The original version of this story, written by Rachel Mangini, appeared in Pitt Magazine's summer 2017 issue.
Throughout his 20s, Adam Haritan, the drummer of a local thrash metal band called Mantic Ritual, was pestered by minor health issues: His skin didn't look good, his hair wasn't healthy, his digestive system didn't run smoothly. He thought he should feel on top of the world, but he didn't, and he wanted to do something about it.
“I decided not to outsource my health,” said Haritan, now 31, about his youthful health epiphany. “I thought, ‘I know my body the best and am the best person to take care of it.’”
At the time, he was studying music at Duquesne University. He began to pay attention to his diet and became interested in clean eating. This new health awareness led him to Pitt’s dietetics and nutrition program in the School of Health and Rehabilitation Sciences.
That decision culminated in his true passion. Today Haritan (SHRS ’14) is a wild-food enthusiast, researcher and forager. He leads educational foraging walks in Western Pennsylvania, offers presentations on topics such as Mushrooms of the Fall and sells his own handcrafted wild plant- and mushroom-based supplements on his website, Learn Your Land. His work is more than just a way to make a living; it’s a lifestyle. Through it, he “discovered some of the healthiest foods aren’t found in supermarkets but in forests, parks, city parks and nature.”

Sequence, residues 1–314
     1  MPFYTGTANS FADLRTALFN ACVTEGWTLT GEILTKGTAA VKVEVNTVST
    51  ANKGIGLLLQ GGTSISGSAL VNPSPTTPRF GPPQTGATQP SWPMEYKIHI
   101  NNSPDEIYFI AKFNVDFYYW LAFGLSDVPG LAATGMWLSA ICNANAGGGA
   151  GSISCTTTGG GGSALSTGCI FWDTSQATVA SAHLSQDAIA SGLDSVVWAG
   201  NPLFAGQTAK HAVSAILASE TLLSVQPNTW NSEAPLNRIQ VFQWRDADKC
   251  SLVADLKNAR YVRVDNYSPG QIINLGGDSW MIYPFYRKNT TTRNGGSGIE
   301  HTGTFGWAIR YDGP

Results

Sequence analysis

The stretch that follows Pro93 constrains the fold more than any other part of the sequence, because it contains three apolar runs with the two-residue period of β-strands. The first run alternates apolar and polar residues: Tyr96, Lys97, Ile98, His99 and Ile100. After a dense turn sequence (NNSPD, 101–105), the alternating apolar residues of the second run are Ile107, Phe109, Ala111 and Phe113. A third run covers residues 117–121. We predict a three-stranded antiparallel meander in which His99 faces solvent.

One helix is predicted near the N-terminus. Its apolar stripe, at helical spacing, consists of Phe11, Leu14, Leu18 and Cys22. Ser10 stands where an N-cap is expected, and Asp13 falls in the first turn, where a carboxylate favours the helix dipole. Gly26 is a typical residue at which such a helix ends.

When Haritan first started learning about nutrition, he went on a walk offered by a local foraging group in Pittsburgh’s South Side neighborhood. It was eye opening. “I did not acknowledge plants until this time in my life,” he said. “I would walk right past them, not see them flower or turn into fruit or seed. That walk demystified plants for me.”
Now the natural world is central to Haritan’s life and health. “You can build yourself out of the land, by eating it,” he said, and that's what he teaches others when he’s lecturing at Phipps Conservatory, or L.L. Bean, or leading a guided walk through Schenley Park.
Of course, as poison ivy sufferers know, not all encounters with plants are beneficial. Research is key to understanding what is safe to eat. Haritan is grateful for his Pitt education, especially the knowledge that enables him to delve into and assess original source material. “When I talk about the medicinal benefits of this plant or its toxic properties, I have all the terms in my lexicon,” he said.
Haritan’s diet now includes many foraged foods — acorns, for example, which he turns into flour for baking or breakfast porridge. Stinging nettles, which can be cooked like any leafy green and are highly nutritious. Or reishi mushrooms that, while too tough to chew, can be turned into a tincture said to boost the immune system. All three of these are plentiful in the Pittsburgh region if you know where to look and, like Haritan, decide to open your eyes and your mind.